Reese Witherspoon’s Hello Sunshine Picked up by Kevin Mayer and Tom Stagg’s New Media Company

Rachel Uranga

Rachel Uranga is dot.LA's Managing Editor, News. She is a former Mexico-based market correspondent at Reuters and has worked for several Southern California news outlets, including the Los Angeles Business Journal and the Los Angeles Daily News. She has covered everything from IPOs to immigration. Uranga is a graduate of the Columbia School of Journalism and California State University Northridge. A Los Angeles native, she lives with her husband, son and their felines.

The women-focused media company run by Reese Witherspoon, Hello Sunshine, is being sold to former Disney executives Kevin Mayer and Tom Staggs' media startup. Terms of the deal weren't disclosed but according to the Wall Street Journal, it's valued at $900 million.

Mayer and Staggs' yet-to-be-named company is backed by investment capital group Blackstone. The acquisition is the first by the new company, which hopes to use Hello Sunshine to establish itself as an independent, creator-friendly media company.

Launched in 2016, Hello Sunshine produces series for Apple, Hulu, HBO and Amazon. It's best known for "Big Little Lies," "Little Fires Everywhere," and "The Morning Show," but it also creates a host of unscripted shows, and is in production with several films including an adaption of the novel 'Where the Crawdads Sing,' one of Reese's Book Club picks.

Witherspoon and Hello Sunshine's CEO Sarah Harden and its senior management will continue to oversee day-to-day operations. Witherspoon and Harden will also join the company's board.

The cash shelled out for the five-year-old company speaks to the soaring value of high-end content as streamers compete to fill their bottomless libraries. Media companies have increasingly foregone licensing out their productions in lieu of retaining them for their owned-and-operated streaming platforms. That could create an opportunity for an independent studio with no ties to a specific streamer.

Fellow star-driven independent production studio, LeBron James' SpringHill Company, has also been rumored to be exploring a sale. Earlier this year Amazon acquired MGM Studios for $8.45 billion to fill the pipes of its Amazon Prime Video.

"This is a unique time in our world where the intersection of art, commerce and media makes it possible for these creators to tell their stories and Hello Sunshine is here to put a spotlight on their amazing creations," Witherspoon said in announcing the deal.

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Here’s the Latest on Fifth Wall’s Early-Stage Climate Tech Fund

Harrison Weber

Harrison is dot.LA's senior finance reporter. They previously worked for Gizmodo, Fast Company, VentureBeat and Flipboard. Find them on Twitter: @harrisonweber. Send non-sensitive tips on L.A. deals to harrison@dot.la. Pronouns: they/them.

Do you know something we should know about L.A. tech or venture capital? Reach out securely by downloading Signal on a non-work device: +1 917 434 4978.

Fifth Wall, the fast-growing real estate tech venture firm, revealed this week that it has scored at least $116.8 million for its Early-Stage Climate Technology Fund, according to an amended SEC filing. That figure is up from $79.5 million in May 2021, when the firm last disclosed its fundraising efforts for the climate investment vehicle.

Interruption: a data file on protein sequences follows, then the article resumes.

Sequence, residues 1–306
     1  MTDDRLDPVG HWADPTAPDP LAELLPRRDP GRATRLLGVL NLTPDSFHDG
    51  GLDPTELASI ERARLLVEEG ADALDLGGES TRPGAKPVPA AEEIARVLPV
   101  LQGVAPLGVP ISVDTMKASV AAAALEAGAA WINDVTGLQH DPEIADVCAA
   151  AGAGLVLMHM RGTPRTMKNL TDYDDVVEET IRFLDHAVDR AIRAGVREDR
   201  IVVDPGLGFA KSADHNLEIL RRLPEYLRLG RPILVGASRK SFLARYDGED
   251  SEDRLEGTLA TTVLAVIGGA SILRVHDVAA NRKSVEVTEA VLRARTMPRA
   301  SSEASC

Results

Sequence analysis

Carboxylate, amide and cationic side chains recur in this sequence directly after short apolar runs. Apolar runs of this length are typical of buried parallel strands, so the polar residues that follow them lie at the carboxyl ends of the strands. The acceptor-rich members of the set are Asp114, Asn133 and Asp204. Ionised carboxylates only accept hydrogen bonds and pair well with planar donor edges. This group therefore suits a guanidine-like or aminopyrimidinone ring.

In December, Fifth Wall announced it had brought in prolific clean-tech investor Greg Smithies to head its efforts to "decarbonize the built world." That's when the firm went public about its plan to raise at least $200 million to invest in climate tech.

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A Partly Autonomous, Electric Trucking Operation Is Already Underway in LA

David Shultz
David Shultz is a freelance writer who lives in Santa Barbara, California. His writing has appeared in The Atlantic, Outside and Nautilus, among other publications.

The COVID-19 pandemic has laid bare many defects in our society, but chief among them may be the fragility of our supply chains. From toilet paper to bicycles to lumber, the virus has shown that even relatively minor disruptions to the chain can cause long-term shortages of important goods.

In Los Angeles, a San Francisco-based autonomous trucking company is carrying out a new pilot program with computer hardware giant HP Inc. In the next couple of years, the startup wants to reduce emissions and transit times in HP's supply chains. And if it's successful, expand the model to other companies.

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Tradesy Is Leading Shoppers Away from Fast Fashion, and Investors Are Buying Into It

Sarah Favot

Favot is an award-winning journalist and adjunct instructor at USC's Annenberg School for Communication and Journalism. She previously was an investigative and data reporter at national education news site The 74 and local news site LA School Report. She's also worked at the Los Angeles Daily News. She was a Livingston Award finalist in 2011 and holds a Master's degree in journalism from Boston University and BA from the University of Windsor in Ontario, Canada.

Tracy DiNunzio wants to kill fast fashion.

Founder and CEO of Santa Monica-based Tradesy, DiNunzio said over the last decade consumers are recognizing the harmful effects of low-priced, rapidly-produced fast fashion on the global climate. She argues that in addition to being environmentally conscious, buying and reselling high-end fashion items can also be affordable.

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